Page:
Mirrored from Sudopedia, the Free Sudoku Reference Guide
In a real Jellyfish, you will rarely see all 4 rows have 4 candidates for the selected digit. Each row can contain between 2 and 4 candidates.
Jellyfish for digit 8 in rows 3,4,6,7 and columns 2,5,8,9.
Because a Jellyfish in the columns often has a complementary Jellyfish in the rows, many computer solvers only report the Jellyfish in the rows. This example also has such a complement:
Jellyfish for digit 3 in columns 1,2,6,7 and rows 1,3,5,9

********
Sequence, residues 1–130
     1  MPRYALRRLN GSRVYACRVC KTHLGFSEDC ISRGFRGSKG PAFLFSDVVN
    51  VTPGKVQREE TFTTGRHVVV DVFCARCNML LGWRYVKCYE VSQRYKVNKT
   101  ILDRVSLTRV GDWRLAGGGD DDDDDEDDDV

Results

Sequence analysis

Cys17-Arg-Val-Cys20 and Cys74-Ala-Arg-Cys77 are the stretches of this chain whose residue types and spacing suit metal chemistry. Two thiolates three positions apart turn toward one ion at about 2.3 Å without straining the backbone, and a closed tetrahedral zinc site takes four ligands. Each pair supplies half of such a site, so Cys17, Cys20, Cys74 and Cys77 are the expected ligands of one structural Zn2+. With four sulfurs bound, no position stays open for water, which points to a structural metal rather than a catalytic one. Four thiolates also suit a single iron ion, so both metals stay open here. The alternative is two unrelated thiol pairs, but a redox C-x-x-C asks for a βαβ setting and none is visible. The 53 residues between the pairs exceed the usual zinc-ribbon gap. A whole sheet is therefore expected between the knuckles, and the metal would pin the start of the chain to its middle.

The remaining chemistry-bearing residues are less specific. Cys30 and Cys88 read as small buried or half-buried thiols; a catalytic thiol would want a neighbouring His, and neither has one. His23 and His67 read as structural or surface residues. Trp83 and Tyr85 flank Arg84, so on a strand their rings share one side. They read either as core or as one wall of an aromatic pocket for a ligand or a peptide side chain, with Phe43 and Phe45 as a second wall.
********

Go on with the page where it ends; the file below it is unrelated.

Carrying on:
Complementary Jellyfish in rows 2,4,6,7 and columns 3,4,5,9
Each of the defining lines can have 2, 3 or 4 candidates, but together they cover 4 of the crossing lines. Because there are many possible configurations for 2, 3 or 4 candidates in 4 lines, a Jellyfish is much harder to find than an X-Wing or Swordfish. See Trawling for Fish Using Locked Sets for a technique that makes Jellyfish easier to find.
Because a Jellyfish has 4 defining lines, there will always be 2 lines in a single chute. However, when the defining lines of a Jellyfish occupy only 2 chutes, the eliminations it causes immediately trigger a subsequent Locked Candidates move, like column 8 in this diagram.